Saturday, May 30, 1992

I Come and Go at His Command

Mary Dyer being led to her hanging.
Nineteenth c. artist unknown.
When I was in seminary I had a Church History class with Dr. Richard Lovelace, a student of Yale College, Westminster Seminary and Princeton Theological Seminary. He gave us a list of Church history figures, and we were to write a paper on one of them. I asked if I could instead write a play on Mary Dyer, a Quaker martyr. He granted me permission, and it became my first feature-length play. Act One ends with her neck in the noose as she watches two of her colleagues swing. The second act culminates in her own hanging on the Boston Common on June 1, 1660. Their crime was worshipping Jesus Christ in a manner that seemed heretical to the Puritans of Massachusetts.

The play has never been produced, but a reading of it was done at my alma mater, George Fox University, in 1999 when I was named alumnus of the year.

While looking for a bio on Dr. Lovelace (which I never found), I came across a great interview on revival with him by Christian Book Distributors: An Interview with Author Richard F. Lovelace on Revival.

Many of his predictions have come to pass over the 16 years since his interview:
Here are a couple:

Right now, we are sitting here looking at I don't know how much of the planet under the veil of Islam, the Moslems, that’s where I would expect Spiritual Awakening to spread to. If you are going to say that the Gospel is preached to every nation, I would say a powerful lot of Website, internet, or radio and TV communication would have to take place in the Moslem area. Also there is China, in which one recent figure said that 28,000 Christians are being made there everyday. If you project that for a decade or so, it will mean a very powerful spread of the gospel there.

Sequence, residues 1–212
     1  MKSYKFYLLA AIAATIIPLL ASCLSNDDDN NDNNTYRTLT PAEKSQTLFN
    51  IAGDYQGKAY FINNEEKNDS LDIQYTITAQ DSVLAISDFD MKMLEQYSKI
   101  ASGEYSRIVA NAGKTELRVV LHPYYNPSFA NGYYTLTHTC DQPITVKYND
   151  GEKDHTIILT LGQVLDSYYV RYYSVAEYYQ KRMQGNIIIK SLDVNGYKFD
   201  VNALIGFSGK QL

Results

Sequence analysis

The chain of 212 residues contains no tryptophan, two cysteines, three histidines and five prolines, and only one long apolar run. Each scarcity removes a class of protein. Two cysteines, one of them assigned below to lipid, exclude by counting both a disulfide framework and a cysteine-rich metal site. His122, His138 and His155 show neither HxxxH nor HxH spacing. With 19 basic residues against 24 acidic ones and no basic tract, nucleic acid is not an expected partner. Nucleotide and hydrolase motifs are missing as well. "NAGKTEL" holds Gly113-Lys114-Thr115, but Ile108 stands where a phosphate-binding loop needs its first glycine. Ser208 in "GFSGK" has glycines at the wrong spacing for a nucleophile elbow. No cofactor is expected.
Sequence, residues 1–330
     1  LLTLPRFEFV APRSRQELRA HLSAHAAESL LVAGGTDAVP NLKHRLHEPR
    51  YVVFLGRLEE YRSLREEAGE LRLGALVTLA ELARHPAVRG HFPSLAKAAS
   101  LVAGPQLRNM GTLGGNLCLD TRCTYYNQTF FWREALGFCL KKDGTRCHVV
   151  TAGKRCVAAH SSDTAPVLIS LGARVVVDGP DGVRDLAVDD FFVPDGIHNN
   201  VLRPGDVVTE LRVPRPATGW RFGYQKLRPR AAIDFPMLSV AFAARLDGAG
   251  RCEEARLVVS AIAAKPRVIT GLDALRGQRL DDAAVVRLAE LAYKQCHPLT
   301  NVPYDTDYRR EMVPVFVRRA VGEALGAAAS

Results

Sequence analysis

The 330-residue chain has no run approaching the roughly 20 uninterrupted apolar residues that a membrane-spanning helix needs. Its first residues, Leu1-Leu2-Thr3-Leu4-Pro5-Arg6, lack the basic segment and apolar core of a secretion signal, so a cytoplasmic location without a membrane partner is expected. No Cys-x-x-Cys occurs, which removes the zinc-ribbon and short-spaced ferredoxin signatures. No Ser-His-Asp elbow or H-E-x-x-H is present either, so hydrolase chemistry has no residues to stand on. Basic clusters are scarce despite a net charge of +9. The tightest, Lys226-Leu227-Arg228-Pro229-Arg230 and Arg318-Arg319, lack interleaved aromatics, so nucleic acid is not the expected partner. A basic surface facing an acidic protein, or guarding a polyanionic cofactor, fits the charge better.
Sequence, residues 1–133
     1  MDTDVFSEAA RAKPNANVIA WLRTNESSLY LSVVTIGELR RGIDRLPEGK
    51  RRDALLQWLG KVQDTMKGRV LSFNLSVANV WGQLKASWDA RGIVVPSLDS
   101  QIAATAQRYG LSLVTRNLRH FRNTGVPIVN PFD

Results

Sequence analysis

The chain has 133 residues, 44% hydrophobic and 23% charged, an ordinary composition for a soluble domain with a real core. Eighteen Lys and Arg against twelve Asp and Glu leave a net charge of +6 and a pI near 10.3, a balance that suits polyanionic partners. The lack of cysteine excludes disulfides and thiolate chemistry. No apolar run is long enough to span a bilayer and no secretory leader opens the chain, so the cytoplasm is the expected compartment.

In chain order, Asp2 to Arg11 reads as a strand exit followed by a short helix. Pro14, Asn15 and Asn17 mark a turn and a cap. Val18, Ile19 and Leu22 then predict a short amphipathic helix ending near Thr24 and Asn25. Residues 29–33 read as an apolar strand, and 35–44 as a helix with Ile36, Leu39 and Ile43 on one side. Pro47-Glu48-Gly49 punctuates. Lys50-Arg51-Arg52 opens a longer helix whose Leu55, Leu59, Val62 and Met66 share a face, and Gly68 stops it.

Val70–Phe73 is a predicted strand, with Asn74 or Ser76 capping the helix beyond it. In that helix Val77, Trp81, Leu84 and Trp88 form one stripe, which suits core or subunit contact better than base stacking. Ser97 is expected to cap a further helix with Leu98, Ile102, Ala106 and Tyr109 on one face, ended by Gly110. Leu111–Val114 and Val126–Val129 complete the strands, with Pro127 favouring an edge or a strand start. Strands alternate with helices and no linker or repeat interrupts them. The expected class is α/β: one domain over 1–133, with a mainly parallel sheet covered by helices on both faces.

More exciting than that are some of the things he said about revival which I pray will come to pass:

Christians may currently be partially disarmed or unarmed for Christian warfare, but if they tensed up the society would feel the brunt of this.

...

Evangelicals are very strong on Scripture, tradition, and reason. Charismatics and Pentecostals have been real strong on experience, to some degree also on Scripture. They have not been at all involved deeply in tradition, and sometimes don't make enough use of reason. But what I see coming is a balance of all of this. My hope is that we will not have glossolalic and non-glossolalic communities all absolutely isolated from one another, but that we will have communities in which the nine gifts in 1 Corinthians 12 are displayed. Evangelicals could use some of these, words of knowledge, words of wisdom. I see more of a vanilla-fudge mixture coming in the future, where you can’t tell the Charismatics from the Evangelicals.

...

If you are going to see this whole society revived the way it was in the first fifty years of the 19th century (1800-1850), you are going to have to have a massive educational revival. Because if you are going to find one toxic drip that has been dripping into us, it is our school systems.

For the whole interview with Dr. Richard Lovelace, click here